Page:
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Plüschke, Mareike (2013): Peak alignment in Estonian. Dissertation, LMU München: Faculty for Languages and Literatures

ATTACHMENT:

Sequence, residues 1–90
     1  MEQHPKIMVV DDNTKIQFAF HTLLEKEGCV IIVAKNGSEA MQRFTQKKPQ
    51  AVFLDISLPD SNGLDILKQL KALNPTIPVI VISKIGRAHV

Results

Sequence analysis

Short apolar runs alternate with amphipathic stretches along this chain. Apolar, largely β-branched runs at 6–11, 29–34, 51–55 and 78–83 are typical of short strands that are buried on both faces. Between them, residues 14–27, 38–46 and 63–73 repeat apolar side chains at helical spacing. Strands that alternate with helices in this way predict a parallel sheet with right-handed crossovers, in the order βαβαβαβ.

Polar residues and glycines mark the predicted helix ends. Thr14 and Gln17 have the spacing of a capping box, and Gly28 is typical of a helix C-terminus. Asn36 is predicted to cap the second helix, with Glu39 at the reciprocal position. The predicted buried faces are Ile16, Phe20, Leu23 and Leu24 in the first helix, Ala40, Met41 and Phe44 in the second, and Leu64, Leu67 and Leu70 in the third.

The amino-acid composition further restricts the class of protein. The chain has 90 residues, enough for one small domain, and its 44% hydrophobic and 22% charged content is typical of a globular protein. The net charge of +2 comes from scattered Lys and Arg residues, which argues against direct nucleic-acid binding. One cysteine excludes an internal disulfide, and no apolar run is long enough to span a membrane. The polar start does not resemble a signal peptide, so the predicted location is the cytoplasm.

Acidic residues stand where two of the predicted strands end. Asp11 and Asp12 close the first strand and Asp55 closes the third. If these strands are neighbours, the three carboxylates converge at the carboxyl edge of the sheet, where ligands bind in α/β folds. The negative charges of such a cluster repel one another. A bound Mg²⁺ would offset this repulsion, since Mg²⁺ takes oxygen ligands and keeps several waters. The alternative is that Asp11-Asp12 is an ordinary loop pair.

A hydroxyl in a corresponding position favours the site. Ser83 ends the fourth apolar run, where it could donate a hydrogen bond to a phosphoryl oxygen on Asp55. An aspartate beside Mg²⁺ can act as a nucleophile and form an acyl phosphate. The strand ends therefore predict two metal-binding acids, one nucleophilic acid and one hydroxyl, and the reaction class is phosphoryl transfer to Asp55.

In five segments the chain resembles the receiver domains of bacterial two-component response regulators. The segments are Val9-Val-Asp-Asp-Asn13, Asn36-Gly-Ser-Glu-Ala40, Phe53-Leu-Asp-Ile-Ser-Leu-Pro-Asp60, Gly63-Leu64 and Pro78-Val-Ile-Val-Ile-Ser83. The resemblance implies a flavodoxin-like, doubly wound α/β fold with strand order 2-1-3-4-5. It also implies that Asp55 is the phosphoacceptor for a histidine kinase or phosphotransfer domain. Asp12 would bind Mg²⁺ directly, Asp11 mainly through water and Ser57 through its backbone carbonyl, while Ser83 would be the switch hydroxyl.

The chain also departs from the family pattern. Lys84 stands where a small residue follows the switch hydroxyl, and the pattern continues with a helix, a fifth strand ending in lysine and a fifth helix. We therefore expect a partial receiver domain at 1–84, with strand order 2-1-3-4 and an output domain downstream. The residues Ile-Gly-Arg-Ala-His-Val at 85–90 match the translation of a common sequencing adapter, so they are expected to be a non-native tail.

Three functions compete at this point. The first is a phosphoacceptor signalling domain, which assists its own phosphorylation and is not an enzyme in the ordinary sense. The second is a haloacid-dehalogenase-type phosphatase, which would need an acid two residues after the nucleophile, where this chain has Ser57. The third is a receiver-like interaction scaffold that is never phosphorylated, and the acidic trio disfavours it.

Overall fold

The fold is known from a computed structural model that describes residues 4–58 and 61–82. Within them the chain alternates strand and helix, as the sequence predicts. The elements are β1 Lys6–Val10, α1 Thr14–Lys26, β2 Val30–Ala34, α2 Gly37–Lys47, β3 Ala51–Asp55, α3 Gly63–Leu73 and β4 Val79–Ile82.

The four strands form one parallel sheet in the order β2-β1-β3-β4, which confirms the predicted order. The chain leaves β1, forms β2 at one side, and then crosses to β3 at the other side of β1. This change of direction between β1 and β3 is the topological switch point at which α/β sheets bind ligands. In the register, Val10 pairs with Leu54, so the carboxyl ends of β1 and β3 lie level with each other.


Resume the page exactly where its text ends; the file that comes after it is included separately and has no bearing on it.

Earlier studies of Estonian showed that vowel quantity words (i.e. words dif- fering only in vowel quantity) produced with an H*+L pitch accent differed in their peak alignment: While words with a short and a long vowel had a peak late in the vowel of the stressed syllable, words with an overlong vowel were characterised by a peak earlier in the vowel (e.g. Asu et al., 2009; Lippus et al., 2013). The main aim of this dissertation is to shed light on these peak alignment differences: firstly, whether these alignment differences can be ex- plained with the help of a segmental anchor; secondly, whether alignment is similarily affected by quantity differences in consonants and vowels; thirdly, whether such alignment differences are stable in regard to the prosodic con- text, more precisely in regard to the number of post-focal unstressed syllables (i.e. the vicinity to the sentence boundary) and a variation of the speaking rate. Additionally, not only the peak alignment in regard to the vicinity of an upcoming sentence boundary was investigated, but also the influence of the sentence boundary on segment durations (phrase-final lengthening - PFL). Previous studies (e.g. Krull, 1997; Asu et al., 2009) showed that PFL occurs in Estonian, but it was not studied yet whether PFL affects vowel and consonant quantity words differently. Furthermore no attempt made to explain PFL in Estonian with the help of abstract phonological models. The purpose of this dissertation is to fill this gap. This dissertation contains three different experiments which are presented in one chapter each. The first experiment (chapter 2) explored the influence of the upcoming sentence boundary and its interaction with vowel (VQ) and consonant (CQ) quantity on the peak alignment of falling nuclear H*+L pitch accents. Disyllabic target words (C 1 V 1 C 2 V 2 ) only differing in either the quantity of V 1 (VQ-words) or C 2 (CQ-words) were embedded in two different carrier sentences: in one carrier sentence the target word was followed by two unstressed syllables (long tail context) and in the other by none (short tail ixcontext). All target words occured in three quantity degrees: short (Q1), long (Q2) and overlong (Q3). There were two main results: (1) In the short tail context the peak was aligned earlier. (2) The peak alignment of VQ- and CQ-words was similar. Quantity degree differences of both VQ- and CQ- words were cued by the peak alignment in proportion to the V 1 C 2 -duration. The proportional peak alignment had the order Q3 < Q2 < Q1, where < denotes that the peak of Q3-words was proportionally timed earlier than the peak of Q2-words and so on. The second experiment (chapter 3) analysed the influence of the sentence boundary, i.e. phrase-final lengthening (PFL), on the segment durations of VQ- and CQ-words. The data used for the analysis was the same as in the first experiment. There were two main results: (1) The domain of PFL in Estonian was the main bearer of the quantity contrast, i.e. V 1 in VQ-words and C 2 in CQ-words and can be best accounted for in terms of a Structure- based model for explaining PFL (Turk and Shattuck-Hufnagel, 2007). (2) Progressive lengthening, i.e. the nearer a segment is to the final boundary the more it is lengthened, occured in the data if the lengthened segments were not in adjacent word-final position. The third experiment (chapter 4) investigated whether speaking rate in- fluences the alignment of the peak. VQ- and CQ-words were embedded in carrier sentences with one unstressed syllable following the target word. They were read in normal and fast speaking rate. There were two main results: (1) In both VQ- and CQ-words the peak alignment in proportion to the V 1 C 2 -duration had the order Q3 < Q2 < Q1, where < denotes that the peak of Q3-words was aligned earlier than the peak of Q2-words and so on. (2) Speaking rate did not influence the peak alignment in proportion to the V 1 C 2 -duration. The results of this dissertation favour in interpretation in the sense of the segmental anchoring hypothesis (see e.g. Ladd et al., 1999, 2000; Schepman et al., 2006) that tonal targets are anchored with specific points of the seg- mental string. The results of the current dissertation created the impression that in Estonian the offset of the first mora could be the anchorpoint for the peak - regardless of quantity degree and type. Differences in the proportional peak alignment emerge because the anchorpoint interacts with the temporal correlates of the quantity contrast. Compatibly with Ladd (2008), the results of the dissertation also show that peak alignment in Estonian is influenced by phonologically-induced (an increase in the number of post-focal syllables) but not phonetically-induced (faster speaking rate) time pressure.